dr. C.M. Ryan
My research stands at the intersection of International Relations and anthropology. Within International Relations, I draw theoretical insights from postcolonial and feminist approaches to security and economic development. I use methodology and tools of analysis from anthropology to apply these theoretical debates to critical empirical questions. Broadly, these empirical questions focus on political and economic dynamics in postwar contexts.
My current research agenda considers political and economic processes of postwar reform in West Africa in relation to how global involvement interacts with local politics. This is evidenced in my research on the implementation of a global agenda (the Women, Peace and Security Agenda) in the postwar states of Liberia and Sierra Leone. I further develop my theorisation of these dynamics in relation to processes of land reform and agrarian transformation. I am particularly interested in the global drivers of these processes, and the local experiences of them. For instance, my most recently completed project examined the conditions that make large-scale agribusiness investment possible, and how those investments interact with already existing relations of power in local communities.
Some of my findings from this project are published in articles and book chapters, and I am completing a monograph at this time.
In relation to this, I have spent the last 3 years in collaboration with Dr. Maria Martin de Almagro (Université de Montréal) on the gendered and racialized politics of postwar security and economics reforms. This represents a slightly wider focus of my broader research agenda.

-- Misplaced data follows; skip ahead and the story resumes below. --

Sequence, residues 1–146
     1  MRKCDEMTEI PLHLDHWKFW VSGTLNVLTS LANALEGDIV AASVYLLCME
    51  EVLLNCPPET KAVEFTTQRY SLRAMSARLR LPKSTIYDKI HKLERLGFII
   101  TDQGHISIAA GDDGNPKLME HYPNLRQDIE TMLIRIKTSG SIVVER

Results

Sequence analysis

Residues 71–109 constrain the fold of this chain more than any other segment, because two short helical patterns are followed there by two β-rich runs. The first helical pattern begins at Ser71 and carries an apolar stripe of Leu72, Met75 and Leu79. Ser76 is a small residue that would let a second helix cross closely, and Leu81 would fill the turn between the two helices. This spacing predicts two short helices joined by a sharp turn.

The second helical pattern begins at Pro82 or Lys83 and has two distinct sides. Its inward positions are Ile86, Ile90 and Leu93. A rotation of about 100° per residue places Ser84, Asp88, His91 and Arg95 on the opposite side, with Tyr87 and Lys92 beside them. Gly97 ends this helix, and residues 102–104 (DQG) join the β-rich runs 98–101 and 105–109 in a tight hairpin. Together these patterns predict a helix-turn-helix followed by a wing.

My newest project. 'Politics of formalizing Customary Land Rights in Liberia and Sierra Leone' focuses on the global and national processes of land reform that grant women increased legal rights to own land, and the perceptions and experiences of local elites when land reform processes are implemented.
The project is broadly interested in the connections between formalization, wider statebuilding processes (particularly those that aim to increase gender equality) and resource pressure in the context of commercialization. These questions are common in the literature on land-reform in contexts of legal pluralism, and include: What systems of governance emerge from processes of formalization, and how do they reflect both new and old authority/systems? Who participates in them and how? How might they contribute to inclusive peacebuilding and broader processes of decentralization and devolution of authority?
Broadly, this can be broken down into three focal points – the implications for social embeddedness, community belonging and inclusive resource use and decision making, the implications for institutions in systems of legal pluralism, and the role of markets and marketization in all of this. I recieved funding from the Folke Bernadotte Academy for this project.
|Last modified:||31 July 2020 09.37 a.m.|